Indigenous Circles is an upcoming workshop series for all to learn more about Native American culture and its unique arts community.
During the month of April, the "O, Miami" Poetry Festival will hand out verses on band-aids to people who are vaccinated for COVID-19.
The Madrid bookstore association has recognized What's in a name as the best volume of poetry published in Spain in 2020.
5 Latina poets and authors that are not afraid to own their identities.
Aquí están cinco de los poetas inmigrantes cuyo trabajo está dando forma al panorama de la literatura estadounidense.
Here are five of the immigrant poets whose work is shaping the landscape of American literature.
In our latest episode of Literatura Oral, AL DÍA reporter Emily Neil reflects on the impact of the poet Federico García Lorca on her own life.
In his newly-published book of poetry, "In case I die tomorrow," Albor Ruiz gives voice to his journeys from his hometown of Cárdenas, Cuba, to the streets of New York City, in Manhattan.
Martín Espada, the "mythological" Puerto Rican poet/lawyer, has achieved the dream of many by becoming the first Latino to receive the Ruth Lilly poetry prize for his exceptional career.
Martín Espada, el “mitológico” poeta/abogado puertorriqueño ha logrado el sueño de muchos al transformarse en el primer latino en recibir el premio de poesía Ruth Lilly por su excepcional trayectoria.
The Argentinian poet Luis Alberto Ambroggio has dedicated his career to study the contribution of the Spanish language to great American poets, such as Walt Whitman, Carlos William or Langston Hughes.
El poeta llegó a México con sus padres cuando tenía 15 años, tras la caída del ejército republicano en la guerra civil española. Considerado uno de los máximos exponentes de la poesía y el pensamiento mexicanos, Xirau fue, según su amigo Octavio Paz, "un puente entre América y Europa."
The Barcelona native was 15 when his family fled Spain for Mexico following the defeat of the Republican side in the 1936-1939 civil war. He was considered one of the most profound scholars of Mexican poetry.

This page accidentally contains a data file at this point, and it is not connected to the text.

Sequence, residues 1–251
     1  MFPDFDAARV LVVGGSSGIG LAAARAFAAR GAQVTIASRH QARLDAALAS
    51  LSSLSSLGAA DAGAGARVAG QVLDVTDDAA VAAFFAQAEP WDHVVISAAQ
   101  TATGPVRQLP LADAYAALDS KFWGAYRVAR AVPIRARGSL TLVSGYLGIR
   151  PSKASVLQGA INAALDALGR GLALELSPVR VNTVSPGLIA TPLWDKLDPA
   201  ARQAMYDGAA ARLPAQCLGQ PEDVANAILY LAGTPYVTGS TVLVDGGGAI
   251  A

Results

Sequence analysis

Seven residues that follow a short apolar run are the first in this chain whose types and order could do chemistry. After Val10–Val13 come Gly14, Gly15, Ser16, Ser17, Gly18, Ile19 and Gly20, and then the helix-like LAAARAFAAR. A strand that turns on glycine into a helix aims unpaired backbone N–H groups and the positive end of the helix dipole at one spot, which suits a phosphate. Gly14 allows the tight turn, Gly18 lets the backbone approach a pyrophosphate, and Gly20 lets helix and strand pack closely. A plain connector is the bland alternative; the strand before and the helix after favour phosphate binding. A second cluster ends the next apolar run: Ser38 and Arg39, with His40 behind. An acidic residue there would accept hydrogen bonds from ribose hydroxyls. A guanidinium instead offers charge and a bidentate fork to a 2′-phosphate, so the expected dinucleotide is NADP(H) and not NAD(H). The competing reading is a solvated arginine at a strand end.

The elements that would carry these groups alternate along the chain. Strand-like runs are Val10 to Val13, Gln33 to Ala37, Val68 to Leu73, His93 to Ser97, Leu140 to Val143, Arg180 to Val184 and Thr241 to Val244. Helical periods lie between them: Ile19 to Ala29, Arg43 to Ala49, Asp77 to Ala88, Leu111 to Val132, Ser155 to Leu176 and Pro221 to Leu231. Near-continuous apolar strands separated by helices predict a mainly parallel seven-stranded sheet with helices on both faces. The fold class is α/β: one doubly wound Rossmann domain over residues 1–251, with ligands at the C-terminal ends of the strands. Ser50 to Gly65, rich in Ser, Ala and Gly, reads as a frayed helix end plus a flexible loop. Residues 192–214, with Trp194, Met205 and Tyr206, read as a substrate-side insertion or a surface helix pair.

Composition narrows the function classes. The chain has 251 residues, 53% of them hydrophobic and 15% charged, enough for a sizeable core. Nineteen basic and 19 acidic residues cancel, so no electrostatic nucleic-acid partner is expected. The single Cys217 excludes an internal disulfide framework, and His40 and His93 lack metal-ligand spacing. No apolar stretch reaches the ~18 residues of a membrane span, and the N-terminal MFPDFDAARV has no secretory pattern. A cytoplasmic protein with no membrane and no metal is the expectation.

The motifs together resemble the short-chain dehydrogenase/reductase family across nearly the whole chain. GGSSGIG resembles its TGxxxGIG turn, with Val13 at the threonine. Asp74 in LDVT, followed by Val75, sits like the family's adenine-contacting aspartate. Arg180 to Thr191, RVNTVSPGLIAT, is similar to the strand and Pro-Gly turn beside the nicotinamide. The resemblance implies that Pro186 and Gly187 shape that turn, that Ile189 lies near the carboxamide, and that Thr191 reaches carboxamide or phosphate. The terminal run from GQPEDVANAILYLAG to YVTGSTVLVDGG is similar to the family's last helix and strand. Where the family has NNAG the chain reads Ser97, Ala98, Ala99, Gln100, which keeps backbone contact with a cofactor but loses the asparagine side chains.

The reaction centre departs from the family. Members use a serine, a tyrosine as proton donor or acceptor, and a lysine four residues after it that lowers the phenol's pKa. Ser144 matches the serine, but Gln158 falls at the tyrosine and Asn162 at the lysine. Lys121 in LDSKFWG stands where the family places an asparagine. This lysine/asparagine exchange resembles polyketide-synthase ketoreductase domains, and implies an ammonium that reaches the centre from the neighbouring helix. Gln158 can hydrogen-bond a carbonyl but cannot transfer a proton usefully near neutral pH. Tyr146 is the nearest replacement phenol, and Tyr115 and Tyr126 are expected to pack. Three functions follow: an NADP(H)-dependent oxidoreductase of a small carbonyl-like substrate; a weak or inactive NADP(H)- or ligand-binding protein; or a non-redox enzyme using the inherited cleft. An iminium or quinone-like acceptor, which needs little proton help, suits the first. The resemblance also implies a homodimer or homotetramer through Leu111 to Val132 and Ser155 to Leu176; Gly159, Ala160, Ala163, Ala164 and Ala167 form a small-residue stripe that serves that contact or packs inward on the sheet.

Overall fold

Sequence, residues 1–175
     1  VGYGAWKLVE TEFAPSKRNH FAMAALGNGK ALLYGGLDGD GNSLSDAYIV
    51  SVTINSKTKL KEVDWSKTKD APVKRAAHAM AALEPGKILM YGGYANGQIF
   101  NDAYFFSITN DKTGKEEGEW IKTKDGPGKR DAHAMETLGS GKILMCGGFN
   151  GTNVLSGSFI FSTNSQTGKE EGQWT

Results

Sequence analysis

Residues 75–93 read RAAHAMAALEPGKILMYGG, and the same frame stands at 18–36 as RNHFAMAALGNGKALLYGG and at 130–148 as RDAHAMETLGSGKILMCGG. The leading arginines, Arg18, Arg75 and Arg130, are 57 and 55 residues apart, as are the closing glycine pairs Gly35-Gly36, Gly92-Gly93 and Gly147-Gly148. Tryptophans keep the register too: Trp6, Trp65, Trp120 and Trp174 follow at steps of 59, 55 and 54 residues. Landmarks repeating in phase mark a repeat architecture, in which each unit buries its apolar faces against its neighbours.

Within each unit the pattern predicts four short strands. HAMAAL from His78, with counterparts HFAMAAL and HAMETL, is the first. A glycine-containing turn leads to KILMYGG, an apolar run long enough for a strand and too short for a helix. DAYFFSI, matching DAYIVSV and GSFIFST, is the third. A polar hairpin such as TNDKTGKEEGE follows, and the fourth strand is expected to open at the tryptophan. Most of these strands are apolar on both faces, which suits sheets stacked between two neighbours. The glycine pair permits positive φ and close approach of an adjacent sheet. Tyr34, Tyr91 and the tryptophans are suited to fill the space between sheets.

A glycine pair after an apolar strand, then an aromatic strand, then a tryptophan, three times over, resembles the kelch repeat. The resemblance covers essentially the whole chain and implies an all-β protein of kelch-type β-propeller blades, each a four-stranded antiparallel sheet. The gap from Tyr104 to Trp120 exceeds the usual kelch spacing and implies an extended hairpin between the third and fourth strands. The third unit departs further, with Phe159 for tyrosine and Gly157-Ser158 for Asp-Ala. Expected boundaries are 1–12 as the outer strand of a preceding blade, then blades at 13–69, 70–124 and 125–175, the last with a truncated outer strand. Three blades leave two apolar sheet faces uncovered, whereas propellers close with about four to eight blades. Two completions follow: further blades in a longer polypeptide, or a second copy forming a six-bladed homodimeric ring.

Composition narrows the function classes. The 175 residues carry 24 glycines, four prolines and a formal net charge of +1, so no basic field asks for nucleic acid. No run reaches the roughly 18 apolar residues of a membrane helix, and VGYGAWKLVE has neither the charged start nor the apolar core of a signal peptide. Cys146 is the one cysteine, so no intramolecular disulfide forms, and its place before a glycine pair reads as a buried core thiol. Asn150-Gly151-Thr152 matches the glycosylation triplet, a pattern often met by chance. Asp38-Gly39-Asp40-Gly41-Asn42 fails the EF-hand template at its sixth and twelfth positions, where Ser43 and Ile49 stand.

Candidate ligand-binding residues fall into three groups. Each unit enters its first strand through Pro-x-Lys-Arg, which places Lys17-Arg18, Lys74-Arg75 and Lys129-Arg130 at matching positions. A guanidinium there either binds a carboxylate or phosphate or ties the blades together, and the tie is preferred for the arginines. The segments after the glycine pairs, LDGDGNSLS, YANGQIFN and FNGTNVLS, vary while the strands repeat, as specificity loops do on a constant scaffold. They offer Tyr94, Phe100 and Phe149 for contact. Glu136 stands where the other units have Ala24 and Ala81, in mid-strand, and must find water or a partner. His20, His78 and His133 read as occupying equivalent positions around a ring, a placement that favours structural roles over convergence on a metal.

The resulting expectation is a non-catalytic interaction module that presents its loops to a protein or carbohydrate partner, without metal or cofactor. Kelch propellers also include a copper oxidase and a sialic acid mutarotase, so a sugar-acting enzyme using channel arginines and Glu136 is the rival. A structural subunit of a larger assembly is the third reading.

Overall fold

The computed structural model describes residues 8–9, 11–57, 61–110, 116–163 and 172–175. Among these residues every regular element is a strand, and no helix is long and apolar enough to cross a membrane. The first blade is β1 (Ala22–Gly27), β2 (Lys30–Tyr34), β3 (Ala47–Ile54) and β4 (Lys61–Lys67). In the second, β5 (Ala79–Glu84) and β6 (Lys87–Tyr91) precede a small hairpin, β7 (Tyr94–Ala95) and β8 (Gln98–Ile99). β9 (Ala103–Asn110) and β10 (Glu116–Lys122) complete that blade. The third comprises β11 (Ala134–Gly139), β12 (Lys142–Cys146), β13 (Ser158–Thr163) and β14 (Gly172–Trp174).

This is the weekly musical selection of AL DÍA
Tepito, located in the heart of Mexico City, is going through a social revolution thanks largely to the urban rap group Radio Tepito Sound System, which is out to bring a new reality to a poor neighborhood notorious for violence and drug trafficking.
Between the first and the fourth of June, the city will celebrate the VII International Tango Festival in which dance figures will meet to teach Philadelphians the secrets of this South American music and dance, declared Intangible Cultural Heritage of Humanity by the Unesco in 2009.
Politicians speak for a living. So they should be especially careful with their words.
When elected officials make inflammatory statements that exploit fears and drive people apart, they need to be called out and told to pipe down.
Past a chalkboard that says, “Come inside to read a good book,” on one side and “Don’t be an asshole!” on the other, you come across a tattered SEPTA Union Strike poster from the early twentieth century, preserved underneath an equally withered-away lamination. A few cautious inches deep inside of this surreal time machine, a pillar manages to stand from the 1890s home of an anarchist feminist writer and speaker who lived near Drexel University.
Born in Saint Lucia in 1930, he was regarded by critics as one of the greatest Caribbean poets.
"Jamás he conocido a nadie tan dispuesto a celebrar una broma como el rey. Parecía vivir tan sólo para las bromas. La manera más segura de ganar sus favores consistía en narrarle un cuento donde abundaran las chuscadas, y narrárselo bien. Ocurría así que sus siete ministros descollaban por su excelencia como bromistas. Todos ellos se parecían al rey por ser corpulentos, robustos y sudorosos, así como bromistas inimitables. Nunca he podido determinar si la gente engorda cuando se dedica a hacer bromas, o si hay algo en la grasa que predispone a las chanzas; pero la verdad es que un bromista flaco resulta una rara avis in terris..."
"I NEVER knew anyone so keenly alive to a joke as the king was. He seemed to live only for joking. To tell a good story of the joke kind, and to tell it well, was the surest road to his favor. Thus it happened that his seven ministers were all noted for their accomplishments as jokers. They all took after the king, too, in being large, corpulent, oily men, as well as inimitable jokers. Whether people grow fat by joking, or whether there is something in fat itself which predisposes to a joke, I have never been quite able to determine; but certain it is that a lean joker is a rara avis in terris..."